Above: Some of last year's top big screen atrocities.
In the last few years, I have grown increasingly attracted to the value of great movies created under a tremendous lack of resources. The so-called "democratization" of cinema has its drawbacks, including an unwieldy glut of product, but it also makes way for highly individualized productions. The idea of a movie exclusively representing a single creator's point of view has been explored by avant garde filmmakers for decades. These days, however, personality frequently invades contemporary cinema of various sorts. When it works, the medium creates a sense of closeness with the creator that few other art forms can achieve.
Hence my inclusion of Sita Sings the Blues in my number one slot for my top ten list of films released in 2009, in addition to acknowledgments of Rejected and Grizzly Man Don Hertzfeldt's Rejected and Herzog's Grizzly Man in my favorite films of the decade list. These movies not only reflect singular perspectives; they are defined by them.
Thinking about this shift to a new age of personalized filmmaking, I am driven to express an anti-Hollywood screed. Nothing creates a greater blockade to individual effort than a large, industrial system (which makes it all the more gratifying when quality product manages to squeeze through the cracks). So when Dan Kois invited me, for the second year in a row, to contribute my least favorite films of 2009 to his annual poll at New York magazine's Vulture blog, I decided to rail against the establishment.
Now, I'm not anti-Hollywood per se, but this was a rough year for quality studio releases. Away we go:
1. Year One. Because Harold Ramis is a genius and can do better than this.
2. Nine. MTV-style editing often gets cited as the most obnoxious aspect of modern blockbusters, but I'll take that undeniable aesthetic tendency over this bland approach to the musical film, in which a horde of Oscar winners spout annoying melodies and mug for the camera.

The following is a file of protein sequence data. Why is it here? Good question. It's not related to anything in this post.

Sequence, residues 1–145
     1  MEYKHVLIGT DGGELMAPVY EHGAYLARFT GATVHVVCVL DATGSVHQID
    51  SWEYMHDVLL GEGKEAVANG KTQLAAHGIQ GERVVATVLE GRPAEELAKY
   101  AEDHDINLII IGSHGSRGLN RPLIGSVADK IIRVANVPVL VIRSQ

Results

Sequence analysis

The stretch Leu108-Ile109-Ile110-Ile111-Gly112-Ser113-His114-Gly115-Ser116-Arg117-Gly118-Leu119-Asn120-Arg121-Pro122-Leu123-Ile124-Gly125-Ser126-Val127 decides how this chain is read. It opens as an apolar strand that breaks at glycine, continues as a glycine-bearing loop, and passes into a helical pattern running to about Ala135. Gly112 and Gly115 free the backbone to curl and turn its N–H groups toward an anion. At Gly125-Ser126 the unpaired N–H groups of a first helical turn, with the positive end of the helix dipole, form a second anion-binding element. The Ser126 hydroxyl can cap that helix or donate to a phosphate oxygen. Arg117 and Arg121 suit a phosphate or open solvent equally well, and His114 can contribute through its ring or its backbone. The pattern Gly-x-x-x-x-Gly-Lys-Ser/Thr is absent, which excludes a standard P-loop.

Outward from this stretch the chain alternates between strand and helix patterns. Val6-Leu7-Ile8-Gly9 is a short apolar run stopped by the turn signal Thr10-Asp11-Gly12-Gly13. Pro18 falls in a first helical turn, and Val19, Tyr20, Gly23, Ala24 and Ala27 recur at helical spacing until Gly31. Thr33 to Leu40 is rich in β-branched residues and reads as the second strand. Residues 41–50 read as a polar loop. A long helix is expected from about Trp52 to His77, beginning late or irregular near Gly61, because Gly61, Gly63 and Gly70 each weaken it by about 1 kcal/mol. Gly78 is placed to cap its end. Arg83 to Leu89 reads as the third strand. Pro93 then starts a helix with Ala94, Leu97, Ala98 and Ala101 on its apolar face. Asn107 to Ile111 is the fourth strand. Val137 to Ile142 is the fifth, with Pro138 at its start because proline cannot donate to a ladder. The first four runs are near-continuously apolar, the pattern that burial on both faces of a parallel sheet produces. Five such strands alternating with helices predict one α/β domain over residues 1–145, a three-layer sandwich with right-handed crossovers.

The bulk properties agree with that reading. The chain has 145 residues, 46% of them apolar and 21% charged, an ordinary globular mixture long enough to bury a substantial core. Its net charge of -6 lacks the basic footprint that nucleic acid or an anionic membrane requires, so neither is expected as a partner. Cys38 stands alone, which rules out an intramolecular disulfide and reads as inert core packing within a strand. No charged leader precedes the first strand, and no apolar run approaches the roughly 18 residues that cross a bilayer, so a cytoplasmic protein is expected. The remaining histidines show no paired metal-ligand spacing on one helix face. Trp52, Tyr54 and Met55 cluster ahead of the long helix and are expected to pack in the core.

3. The Ugly Truth. When Harry Met Sally went rotten.
4. The Box. Richard Kelly captures the mood of old Twilight Zone episodes with none of the thrills, insights, or plausibility.
5. Jennifer's Body. I'm no Juno hater. That Diablo girl's got legs, but this sloppy horror pastiche has no ground to stand on.
6. Post Grad. If I could turn mumblecore — a gross-sounding word that describes things it shouldn't — into an epithet to describe bland depictions of alienated youth, this would be the paragon of the genre.
7. X-Men Origins: Wolverine. It's not possible for the greatest action hero of comic book lore to have a boring backstory, right? Wrong.
8. 12 Rounds. This cliché-ridden thriller fires blanks.
9. Away We Go. If Sam Mendes directs the next Bond movie with the sort of tepid forward motion plaguing this nonstarter, it would be an avant-garde oddity for the ages.
10. G.I. Joe. The corrosion of standards in the face of indifference. Keep that in mind, Team Avatar.